BASH Programming

30 Bash loop examples

Three types of loops are used in bash for various purposes. These are for, while and until loops. The different uses of these loops are explained by using 30 different examples in this article.

Uses of Bash loops:

  1. Using for loop to read items in a list
  2. Using for loop to read an array
  3. Using for loop to read a list of string values with spaces
  4. Using for loop in {START..END..INCREMENT} range
  5. Using for loop in {START..END..INCREMENT} range going backward
  6. Using for loop with 3 parts and condition counter
  7. Using for loop with 3 parts and multiple conditions and actions with comma
  8. Using Infinite for loop
  9. Using for loop with conditional break and continue
  10. Using for loop to read filenames by globbing
  11. Using for loop to read output from find command
  12. Using for loop to read filenames of a directory recursively
  13. Using for loop to read filenames of a directory recursively with condition
  14. Running the loop until the file exists
  15. Using for loop based on the output of package list command
  16. Using for loop to read each line of a file
  17. Using for loop to read each line of a file based on a conditional match
  18. Using while loop with a counter
  19. Using while loop with user input and quit when selecting exit from a menu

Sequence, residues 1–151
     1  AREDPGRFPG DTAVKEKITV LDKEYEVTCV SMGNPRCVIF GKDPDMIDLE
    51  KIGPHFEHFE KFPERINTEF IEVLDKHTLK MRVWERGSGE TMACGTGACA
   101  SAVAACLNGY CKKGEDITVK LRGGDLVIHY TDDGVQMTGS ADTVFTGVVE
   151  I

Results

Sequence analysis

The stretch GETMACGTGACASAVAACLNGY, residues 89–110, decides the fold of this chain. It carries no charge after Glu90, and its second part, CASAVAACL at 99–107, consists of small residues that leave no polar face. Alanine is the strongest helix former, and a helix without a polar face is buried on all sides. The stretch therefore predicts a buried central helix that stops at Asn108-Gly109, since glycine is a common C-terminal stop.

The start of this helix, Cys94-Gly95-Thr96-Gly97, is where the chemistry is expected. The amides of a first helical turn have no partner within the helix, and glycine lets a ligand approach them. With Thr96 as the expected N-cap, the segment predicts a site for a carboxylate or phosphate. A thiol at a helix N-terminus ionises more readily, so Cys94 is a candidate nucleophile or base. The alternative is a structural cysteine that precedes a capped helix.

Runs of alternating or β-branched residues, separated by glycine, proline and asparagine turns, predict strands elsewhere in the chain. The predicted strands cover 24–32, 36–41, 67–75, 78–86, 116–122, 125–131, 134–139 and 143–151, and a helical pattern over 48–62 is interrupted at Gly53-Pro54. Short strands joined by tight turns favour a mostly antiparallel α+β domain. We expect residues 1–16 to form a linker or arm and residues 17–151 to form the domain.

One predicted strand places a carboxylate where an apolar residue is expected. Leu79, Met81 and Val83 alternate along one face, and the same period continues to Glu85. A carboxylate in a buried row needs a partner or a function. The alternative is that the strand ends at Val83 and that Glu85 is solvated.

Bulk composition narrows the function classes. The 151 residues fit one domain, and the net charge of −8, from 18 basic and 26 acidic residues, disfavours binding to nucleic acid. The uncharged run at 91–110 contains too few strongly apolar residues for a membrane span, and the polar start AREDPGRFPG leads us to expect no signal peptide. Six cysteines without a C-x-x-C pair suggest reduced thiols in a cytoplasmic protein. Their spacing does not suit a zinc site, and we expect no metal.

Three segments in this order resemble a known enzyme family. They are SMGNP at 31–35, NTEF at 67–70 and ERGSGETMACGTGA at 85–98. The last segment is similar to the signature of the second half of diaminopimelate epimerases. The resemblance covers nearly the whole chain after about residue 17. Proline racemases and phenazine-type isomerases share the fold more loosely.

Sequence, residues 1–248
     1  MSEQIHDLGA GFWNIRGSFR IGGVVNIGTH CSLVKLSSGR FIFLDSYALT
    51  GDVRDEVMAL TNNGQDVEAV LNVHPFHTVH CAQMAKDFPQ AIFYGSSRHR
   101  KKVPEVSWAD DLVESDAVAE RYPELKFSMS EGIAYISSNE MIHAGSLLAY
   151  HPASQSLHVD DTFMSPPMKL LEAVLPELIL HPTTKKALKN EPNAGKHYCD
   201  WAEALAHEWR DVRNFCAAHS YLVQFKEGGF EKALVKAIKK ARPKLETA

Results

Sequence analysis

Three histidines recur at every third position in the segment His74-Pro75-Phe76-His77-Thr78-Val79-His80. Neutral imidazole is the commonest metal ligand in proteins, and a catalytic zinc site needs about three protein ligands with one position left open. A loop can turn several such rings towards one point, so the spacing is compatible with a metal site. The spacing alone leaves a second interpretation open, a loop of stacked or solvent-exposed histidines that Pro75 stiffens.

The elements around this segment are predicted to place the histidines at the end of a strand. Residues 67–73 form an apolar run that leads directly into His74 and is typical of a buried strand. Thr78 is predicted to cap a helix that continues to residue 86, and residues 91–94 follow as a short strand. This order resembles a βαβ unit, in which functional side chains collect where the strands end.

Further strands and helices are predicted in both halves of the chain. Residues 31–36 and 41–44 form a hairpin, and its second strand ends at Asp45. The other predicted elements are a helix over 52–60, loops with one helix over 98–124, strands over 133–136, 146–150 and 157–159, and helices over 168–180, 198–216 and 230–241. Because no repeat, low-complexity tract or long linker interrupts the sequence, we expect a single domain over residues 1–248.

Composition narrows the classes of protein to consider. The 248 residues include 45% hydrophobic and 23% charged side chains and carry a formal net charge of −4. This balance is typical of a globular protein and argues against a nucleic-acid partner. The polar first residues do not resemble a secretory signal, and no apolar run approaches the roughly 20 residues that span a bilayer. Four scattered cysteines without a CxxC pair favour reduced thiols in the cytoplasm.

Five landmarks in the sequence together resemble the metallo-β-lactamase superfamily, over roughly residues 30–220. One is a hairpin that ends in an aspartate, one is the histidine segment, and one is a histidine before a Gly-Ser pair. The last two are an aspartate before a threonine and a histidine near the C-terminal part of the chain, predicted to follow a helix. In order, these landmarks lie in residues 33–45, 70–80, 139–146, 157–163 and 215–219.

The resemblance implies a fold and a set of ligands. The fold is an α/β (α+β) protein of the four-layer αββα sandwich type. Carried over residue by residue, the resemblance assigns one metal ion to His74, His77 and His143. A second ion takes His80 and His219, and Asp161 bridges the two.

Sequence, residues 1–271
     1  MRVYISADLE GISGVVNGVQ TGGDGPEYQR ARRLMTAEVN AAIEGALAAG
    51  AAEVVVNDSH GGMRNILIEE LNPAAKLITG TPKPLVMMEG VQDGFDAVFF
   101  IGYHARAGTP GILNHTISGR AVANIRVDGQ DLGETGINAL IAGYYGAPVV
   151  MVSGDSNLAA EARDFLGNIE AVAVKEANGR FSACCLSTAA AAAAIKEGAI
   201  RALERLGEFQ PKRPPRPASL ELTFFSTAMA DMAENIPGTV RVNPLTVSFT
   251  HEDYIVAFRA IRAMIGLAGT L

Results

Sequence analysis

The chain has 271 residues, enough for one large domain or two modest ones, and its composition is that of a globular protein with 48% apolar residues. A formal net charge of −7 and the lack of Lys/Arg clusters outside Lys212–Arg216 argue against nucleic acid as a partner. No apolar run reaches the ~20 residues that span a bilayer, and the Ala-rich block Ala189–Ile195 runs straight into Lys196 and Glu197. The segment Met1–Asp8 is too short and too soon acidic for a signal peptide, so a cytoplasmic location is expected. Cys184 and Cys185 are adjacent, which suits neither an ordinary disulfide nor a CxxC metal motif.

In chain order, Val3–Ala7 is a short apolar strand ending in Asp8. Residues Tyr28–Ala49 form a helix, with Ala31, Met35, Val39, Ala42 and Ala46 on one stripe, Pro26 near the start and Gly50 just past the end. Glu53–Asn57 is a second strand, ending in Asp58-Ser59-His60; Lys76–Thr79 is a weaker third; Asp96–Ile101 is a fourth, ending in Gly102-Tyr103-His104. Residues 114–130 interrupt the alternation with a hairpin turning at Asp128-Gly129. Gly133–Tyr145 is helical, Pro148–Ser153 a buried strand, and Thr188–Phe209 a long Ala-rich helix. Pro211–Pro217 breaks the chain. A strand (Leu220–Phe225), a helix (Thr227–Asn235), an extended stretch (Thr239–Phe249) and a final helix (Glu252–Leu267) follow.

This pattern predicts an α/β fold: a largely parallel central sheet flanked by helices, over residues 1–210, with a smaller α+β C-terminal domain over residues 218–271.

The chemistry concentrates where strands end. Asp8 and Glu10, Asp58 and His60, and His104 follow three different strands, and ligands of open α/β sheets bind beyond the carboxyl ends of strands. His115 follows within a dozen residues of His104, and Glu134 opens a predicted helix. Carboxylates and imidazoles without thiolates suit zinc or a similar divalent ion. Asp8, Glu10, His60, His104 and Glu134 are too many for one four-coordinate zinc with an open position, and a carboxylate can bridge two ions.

20. combining while loops with getopts
  21. Using until loop with a counter
  22. Terminate until loop based on user input
  23. Using nested while loops
  24. Using until loop to sleep/wait for background task started in script
  25. Using while loop to read pid from ps output that is not terminated
  26. Searching any string in a file using loop and exit
  27. Combining bash with curl to evaluate data from URL
  28. Reading data from a port send by netcat using while loop
  29. ping URL using loop
  30. Running top in batch mode using a loop and record output

Using for loop to read items in a list

The most simple use of ‘for’ loop is to read a list of string or numeric data. The list of numeric data is iterated by using for-in loop in the following example. Here, four numbers will be read in the variable, $n in each step of the loop and printed. Create a bash file with the following script and run from the terminal.

#!/bin/bash
# for-in loop to read a list of numbers
for n in 10 11 17 25
do
  # Print each number
  echo "The number is $n"
done

Output:

Run the script.

$ bash for1.sh

The following output will appear after running the script.

Go to Top

Using for loop to read an array

Any array variable contains a list of data that can be iterated very easily by using for-in loop. The following example shows the use of for-in loop to read an array of string data. Here, each array value will fetch in the variable, $language and print a message based on language in each iteration.

#!/bin/bash
languages=("Bash PERL Python PHP")
for language in $languages
do
  if [ $language == 'PHP' ]
  then
    echo "$language is a web programming language"
  else
    echo "$language is a scripting language"
  fi
done

Output:

Run the script.

$ bash for2.sh

The following output will appear after running the script.

Go to Top